After resignation, Beverly Gage and fellow Yale faculty sound alarm on academic freedom
The historian’s decision has prompted professors to call on the University for a strong recommitment to protecting academia from donor influences.
Courtesy of Beverly Gage
After announcing her resignation from the Grand Strategy program, history professor Beverly Gage expressed concerns about the influence donors have over academic expression at Yale. While her fellow faculty have sounded alarms about academic freedom, University President Peter Salovey has pledged to more rigorously evaluate the University’s approach to donations.
Gage, who resigned last week, attributed her decision to leave the program to ultimately successful attempts by Nicholas Brady ’52 and Charles Johnson ’54 — who endowed the Grand Strategy program in 2006 — to pressure administrative officials to name a conservative majority to a newly-implemented advisory board to oversee program appointments. She told the News that other special programs like Grand Strategy, whose endowments lie outside of Yale’s academic departments and general streams of funding, are particularly vulnerable to pressure from donors. Greater transparency and accountability should be added to the donation process in order to protect academic freedom in the future, she said.
Salovey told the News that the administration plans to make limited systemic or procedural changes to the donor process. The University needs to ensure, he said that “everybody has a shared understanding of where the lines are, what is appropriate involvement by donors and what would be inappropriate involvement by donors.”
He further explained that the University has to balance its obligations both to its faculty and to its donors.
“There’s probably two principles that are really important to honor,” Salovey said. “The first is [that] academic freedom to teach and do scholarship in an unfettered way … is sacrosanct at the University.”
The second principle, he added, is that the University “[has] an obligation to our donors to meet the agreements to honor the agreements we make with them.”
In the days since the announcement of her resignation, Gage has seen a “surge” of encouragement from dozens of faculty members and historians, she told the News. Individual professors have expressed disappointment with the University on Twitter and the History Department released a statement of support for Gage on Friday.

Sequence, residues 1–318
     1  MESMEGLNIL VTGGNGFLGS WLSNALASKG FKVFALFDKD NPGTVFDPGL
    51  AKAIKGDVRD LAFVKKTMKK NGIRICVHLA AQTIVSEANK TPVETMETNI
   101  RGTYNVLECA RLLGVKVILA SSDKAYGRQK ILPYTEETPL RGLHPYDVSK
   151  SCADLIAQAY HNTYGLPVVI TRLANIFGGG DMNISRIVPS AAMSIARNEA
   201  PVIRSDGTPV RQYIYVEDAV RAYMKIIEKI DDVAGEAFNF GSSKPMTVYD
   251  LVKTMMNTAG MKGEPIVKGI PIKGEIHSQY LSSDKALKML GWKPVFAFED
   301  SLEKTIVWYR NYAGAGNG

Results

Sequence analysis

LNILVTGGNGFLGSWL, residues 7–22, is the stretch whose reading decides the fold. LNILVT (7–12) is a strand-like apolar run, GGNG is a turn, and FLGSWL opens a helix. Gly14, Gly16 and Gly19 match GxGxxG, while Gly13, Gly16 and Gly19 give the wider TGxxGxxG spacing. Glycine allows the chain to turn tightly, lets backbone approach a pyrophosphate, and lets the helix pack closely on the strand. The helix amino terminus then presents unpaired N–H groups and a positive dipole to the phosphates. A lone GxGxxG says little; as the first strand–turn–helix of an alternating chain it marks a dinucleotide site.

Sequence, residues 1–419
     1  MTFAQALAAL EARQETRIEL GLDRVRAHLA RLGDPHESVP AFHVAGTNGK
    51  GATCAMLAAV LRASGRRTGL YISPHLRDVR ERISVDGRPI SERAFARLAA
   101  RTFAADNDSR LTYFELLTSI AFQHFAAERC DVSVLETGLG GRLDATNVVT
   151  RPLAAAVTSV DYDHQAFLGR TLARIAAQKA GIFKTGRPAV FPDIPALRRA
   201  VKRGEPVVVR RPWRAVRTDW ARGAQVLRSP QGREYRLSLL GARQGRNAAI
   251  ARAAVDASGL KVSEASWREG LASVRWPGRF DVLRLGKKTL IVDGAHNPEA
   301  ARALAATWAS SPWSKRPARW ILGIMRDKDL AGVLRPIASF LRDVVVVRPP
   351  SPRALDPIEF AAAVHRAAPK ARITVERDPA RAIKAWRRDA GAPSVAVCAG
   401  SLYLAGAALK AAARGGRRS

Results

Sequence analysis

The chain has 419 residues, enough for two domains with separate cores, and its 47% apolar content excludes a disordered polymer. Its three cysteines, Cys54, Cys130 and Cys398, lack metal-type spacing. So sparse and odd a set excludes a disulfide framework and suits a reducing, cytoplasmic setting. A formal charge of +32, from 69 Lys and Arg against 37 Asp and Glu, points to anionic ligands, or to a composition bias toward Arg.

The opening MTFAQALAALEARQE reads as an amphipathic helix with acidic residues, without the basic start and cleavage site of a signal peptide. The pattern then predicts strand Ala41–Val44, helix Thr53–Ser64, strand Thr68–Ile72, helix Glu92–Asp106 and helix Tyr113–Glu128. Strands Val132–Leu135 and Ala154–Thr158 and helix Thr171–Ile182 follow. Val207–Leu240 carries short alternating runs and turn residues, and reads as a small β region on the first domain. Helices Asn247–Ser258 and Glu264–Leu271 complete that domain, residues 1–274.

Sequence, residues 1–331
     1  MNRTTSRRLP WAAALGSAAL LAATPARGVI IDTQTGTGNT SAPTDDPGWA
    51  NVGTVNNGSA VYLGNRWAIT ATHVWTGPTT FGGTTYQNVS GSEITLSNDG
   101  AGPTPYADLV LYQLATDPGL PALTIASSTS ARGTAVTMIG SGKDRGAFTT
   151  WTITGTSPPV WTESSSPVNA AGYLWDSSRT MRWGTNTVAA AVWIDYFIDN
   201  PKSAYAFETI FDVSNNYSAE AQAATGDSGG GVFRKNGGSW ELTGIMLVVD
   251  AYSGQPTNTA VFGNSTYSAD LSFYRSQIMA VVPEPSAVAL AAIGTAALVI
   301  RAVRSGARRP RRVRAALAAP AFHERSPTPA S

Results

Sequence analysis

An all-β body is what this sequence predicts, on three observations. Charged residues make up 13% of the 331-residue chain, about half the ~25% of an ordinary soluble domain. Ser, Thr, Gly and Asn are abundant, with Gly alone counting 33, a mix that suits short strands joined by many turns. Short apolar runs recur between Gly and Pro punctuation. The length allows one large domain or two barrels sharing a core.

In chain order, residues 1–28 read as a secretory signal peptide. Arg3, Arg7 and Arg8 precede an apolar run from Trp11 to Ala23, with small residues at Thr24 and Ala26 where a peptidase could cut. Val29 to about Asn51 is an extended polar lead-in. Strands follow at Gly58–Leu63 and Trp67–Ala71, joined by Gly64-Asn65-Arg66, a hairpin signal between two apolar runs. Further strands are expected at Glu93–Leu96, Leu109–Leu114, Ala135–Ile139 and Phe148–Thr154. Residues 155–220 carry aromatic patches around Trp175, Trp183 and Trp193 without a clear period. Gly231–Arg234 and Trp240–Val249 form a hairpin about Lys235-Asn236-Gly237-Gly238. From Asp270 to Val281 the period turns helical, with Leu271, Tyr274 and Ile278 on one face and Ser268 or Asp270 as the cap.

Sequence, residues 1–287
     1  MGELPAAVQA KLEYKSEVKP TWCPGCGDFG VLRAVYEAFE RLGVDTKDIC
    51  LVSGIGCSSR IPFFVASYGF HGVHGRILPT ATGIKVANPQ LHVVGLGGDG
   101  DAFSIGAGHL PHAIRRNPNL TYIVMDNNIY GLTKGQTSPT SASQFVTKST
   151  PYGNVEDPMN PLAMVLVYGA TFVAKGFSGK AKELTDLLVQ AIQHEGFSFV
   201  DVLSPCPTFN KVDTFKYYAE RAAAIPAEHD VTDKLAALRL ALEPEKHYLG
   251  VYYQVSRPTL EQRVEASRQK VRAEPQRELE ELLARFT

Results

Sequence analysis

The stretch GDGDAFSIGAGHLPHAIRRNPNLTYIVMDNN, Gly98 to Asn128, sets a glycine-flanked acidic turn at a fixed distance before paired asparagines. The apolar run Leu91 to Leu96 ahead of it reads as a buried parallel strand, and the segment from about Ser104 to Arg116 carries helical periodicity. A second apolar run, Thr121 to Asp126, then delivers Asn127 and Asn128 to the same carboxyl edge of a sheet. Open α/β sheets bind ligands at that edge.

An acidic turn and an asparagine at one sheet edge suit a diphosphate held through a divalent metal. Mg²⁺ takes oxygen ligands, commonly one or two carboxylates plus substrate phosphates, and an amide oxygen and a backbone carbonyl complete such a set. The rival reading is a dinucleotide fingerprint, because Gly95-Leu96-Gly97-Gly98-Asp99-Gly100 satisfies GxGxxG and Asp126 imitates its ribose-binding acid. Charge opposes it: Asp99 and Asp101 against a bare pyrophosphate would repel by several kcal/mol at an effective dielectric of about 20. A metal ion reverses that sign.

“The last few days have been really heartening to me to see how seriously people take the question of academic freedom, to see the level of attention that it’s gotten and the response that was solicited from the University,” Gage said.
The Faculty of Arts & Sciences Senate, which released a statement of its own on Friday, will begin an investigation this week. The executive council plans to meet with both Gage and Salovey this week and determine appropriate measures to prevent future incidents, Senate chair Valerie Horsley told the News.
When asked about specific policies that would shore up protections for academic freedom, Gage suggested that a University official could be designated as an ombudsman, or neutral third party, in disputes. Increased transparency requirements surrounding donor agreements and administrative actions could also help, she said.
Meanwhile, Gage’s colleagues continue to express concerns that academic freedom is under threat.
“It seems like a textbook violation of academic freedom,” professor of philosophy Jason Stanley told the News. “The University is an extremely wealthy institution, and we have an enormous endowment. There is no reason we should be even hinting to donors that they can have control over our curriculum.”
University President Peter Salovey accepted responsibility last Friday, saying in a statement that he “should have tried harder to improve the situation.” Still, as the News reported last week, Vice Provost of Academic Affairs Pericles Lewis denied that the donors exerted undue influence on the program and reiterated that the new board only has influence over practitioner appointments, rather than curriculum decisions.
Gage said that she was briefly shown a portion of the 2006 gift agreement outlining the five-member advisory board, and appointment powers to the Grand Strategy advisory board were explicitly granted to the University president. The News has not reviewed the 2006 gift agreement.
According to emerita professor of history Glenda Gilmore, the University “catastrophically” failed to properly balance these two principles.
“Academic freedom is sacrosanct, yet Salovey’s and Lewis’s comments suggest that they tried to please the donors while trying to persuade Gage to acquiesce to their interference,” Gilmore wrote in an email. “At the donors’ first complaint, whether about Bryan [Garsten’s] op-ed or Gage’s lesson plans, they should have unequivocally made it clear that such conversations were inappropriate and would be off limits in the future.”
“If there is one thing that the administration owes the faculty, it is the protection of academic freedom. If they got this so wrong, what else might happen?” Gilmore added.
Stanley further noted that public universities in various states are currently facing outside influence when it comes to teaching topics like critical race theory. A wealthy, private institution like Yale, he said, has “no excuse” to allow outside pressure on academia.
Salovey wrote in his original statement that he has been hearing the concerns from faculty and alumni regarding academic freedom, and pledged to make changes accordingly.
The Grand Strategy program was established in 2000.